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Fire, Fuel and Smoke

Projects

This project seeks to address two key scientific questions: (1) Are emission factors for CO2, CO, CH4, NOX, PM2.5, and BC significantly dependent on either fuel moisture or fuel bed structure? and (2) Can fuel moisture and fuel bed structure serve as independent variables for empirical models that reliably predict these emission factors?
In this study, we determined the locations of wildfire-derived emissions and their aggregate impacts on Salt Lake City, Utah, a major urban center downwind of the fires. The USFS Rocky Mountain Research Station’s new Wildland Fire Emission Inventory Version 2 model was used to determine the location and timing of wildfire emissions.
Over the past 20 years, we have been monitoring mortality rates for ponderosa pine trees in the Blue Mountains of northeastern Oregon since we removed a fire-scarred partial cross-section from them. We suggest that sampling live, fire-scarred ponderosa pine trees remains an important and generally non-lethal method of obtaining information about historical fires that can supplement the information obtained from dead fire-scarred trees.
In 2015, analysts with Fire Modeling Institute (FMI) continued to be involved with application of a wildfire risk assessment framework developed largely by RMRS scientists from both the Fire, Fuel, and Smoke Science Program and the Human Dimensions Program. The risk assessment framework is useful for multiple reasons: it provides a means to assess the potential risk posed by wildfire to specific highly valued resources and assets (HVRAs) across large landscapes, and it also provides a scientifically-based foundation for fire managers to think strategically and proactively about how to best manage fire and fuels on their landscapes in a way that integrates with broader land and resource management goals.  
Many scientists from the Rocky Mountain Research Station Fire, Fuel, and Smoke (FFS) program are intimately involved with various aspects of fire management, including both prescribed fires and wildfires. These activities provide operational experience and the opportunity to observe fire in many different vegetation types. FFS employees have worked on lands managed by the National Park Service (NPS), U.S. Fish and Wildlife Service (FWS), Bureau of Land Management (BLM), Forest Service (USFS), Colville Agency, Yakama Agency, State of Idaho, State of Alaska, and the Clearwater-Potlatch Timber Protective Association. Explore the work that each of our FFS employees participated in.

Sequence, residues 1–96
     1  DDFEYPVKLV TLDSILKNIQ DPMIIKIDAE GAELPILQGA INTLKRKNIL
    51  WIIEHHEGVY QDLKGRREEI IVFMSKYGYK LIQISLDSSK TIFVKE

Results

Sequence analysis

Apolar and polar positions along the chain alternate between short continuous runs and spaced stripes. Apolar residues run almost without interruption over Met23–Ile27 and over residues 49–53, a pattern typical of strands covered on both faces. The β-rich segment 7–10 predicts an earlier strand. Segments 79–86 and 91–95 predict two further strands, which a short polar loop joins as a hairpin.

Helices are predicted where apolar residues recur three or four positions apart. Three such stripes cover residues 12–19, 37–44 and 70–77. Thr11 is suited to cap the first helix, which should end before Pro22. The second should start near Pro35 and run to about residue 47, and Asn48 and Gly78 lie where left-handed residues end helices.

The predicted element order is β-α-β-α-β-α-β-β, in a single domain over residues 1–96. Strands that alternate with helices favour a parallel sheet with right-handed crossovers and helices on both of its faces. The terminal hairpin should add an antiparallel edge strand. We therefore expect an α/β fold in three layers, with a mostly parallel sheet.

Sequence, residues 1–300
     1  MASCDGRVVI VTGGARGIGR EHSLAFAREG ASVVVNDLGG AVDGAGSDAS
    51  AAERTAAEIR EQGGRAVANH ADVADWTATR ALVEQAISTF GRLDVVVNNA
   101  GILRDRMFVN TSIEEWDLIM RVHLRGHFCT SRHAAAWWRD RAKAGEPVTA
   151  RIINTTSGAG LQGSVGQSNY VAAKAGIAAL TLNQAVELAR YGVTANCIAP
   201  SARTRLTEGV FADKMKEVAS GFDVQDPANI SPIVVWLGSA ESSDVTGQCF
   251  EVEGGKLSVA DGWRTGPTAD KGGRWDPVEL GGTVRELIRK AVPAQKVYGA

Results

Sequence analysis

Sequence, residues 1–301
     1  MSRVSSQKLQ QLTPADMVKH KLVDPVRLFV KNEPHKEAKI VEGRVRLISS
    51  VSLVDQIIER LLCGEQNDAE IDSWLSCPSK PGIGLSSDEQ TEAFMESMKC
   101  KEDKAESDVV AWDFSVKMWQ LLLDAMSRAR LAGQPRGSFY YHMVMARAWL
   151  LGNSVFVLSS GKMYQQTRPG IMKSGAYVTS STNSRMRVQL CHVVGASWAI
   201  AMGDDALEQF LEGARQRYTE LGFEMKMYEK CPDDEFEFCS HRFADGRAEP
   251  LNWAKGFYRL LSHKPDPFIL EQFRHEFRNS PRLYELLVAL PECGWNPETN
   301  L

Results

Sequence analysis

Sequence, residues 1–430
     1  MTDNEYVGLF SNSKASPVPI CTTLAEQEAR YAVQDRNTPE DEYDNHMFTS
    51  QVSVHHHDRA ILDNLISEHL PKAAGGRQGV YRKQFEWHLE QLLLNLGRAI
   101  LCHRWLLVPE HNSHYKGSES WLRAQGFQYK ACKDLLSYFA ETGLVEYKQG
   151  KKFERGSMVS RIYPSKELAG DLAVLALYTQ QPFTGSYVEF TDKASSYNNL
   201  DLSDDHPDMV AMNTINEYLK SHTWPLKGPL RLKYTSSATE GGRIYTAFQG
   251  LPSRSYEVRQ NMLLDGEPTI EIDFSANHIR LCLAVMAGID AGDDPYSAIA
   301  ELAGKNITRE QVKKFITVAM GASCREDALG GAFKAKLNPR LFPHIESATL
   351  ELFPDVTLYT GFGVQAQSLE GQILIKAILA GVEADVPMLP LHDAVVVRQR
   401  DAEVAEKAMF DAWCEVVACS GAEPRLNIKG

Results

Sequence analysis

In April, 2015 the Helena National Forest (HNF) requested that the Fire Modeling Institute conduct a wildfire probability modeling and risk assessment study to analyze proposed fuel treatments in the project area. The HNF requested this study include modeling the probability of burning, potential fire behavior, and identification of areas where large fires and/or fires potentially destructive to structures were most likely to originate.
Effective and efficient risk-based management requires integrated knowledge, systems and planning tools that explore the interaction of the full range of land and fire management activities. The Wildfire Risk Management team is working to develop and demonstrate the power of integrating fire-risk science across the full range of fire management activities. This work will include the first pilot study of changes in wildfire risk across time, using the prototype LANDFIRE time series dataset, created specifically for the study landscape.
Synergistic interactions of climate change, mountain pine beetle infestations, and wildfire are likely to catalyze landscape-scale changes in vegetation distributions, successional stage, forest structure, and wildlife habitat suitability. Our research will provide forest managers with information they need to project changes to habitat suitability for wildlife under a range of alternative climate and management scenarios.
This work provides an overview of sources of data for United States wildfire activity analyses and highlights major reporting biases, inconsistencies, and uncertainty within data source.  
The Fire Effects Information System (FEIS) provides scientific information for resource management, restoration, rehabilitation, and fire management. FEIS continues to improve its service to managers by providing new and updated products and a new user interface is currently under development.

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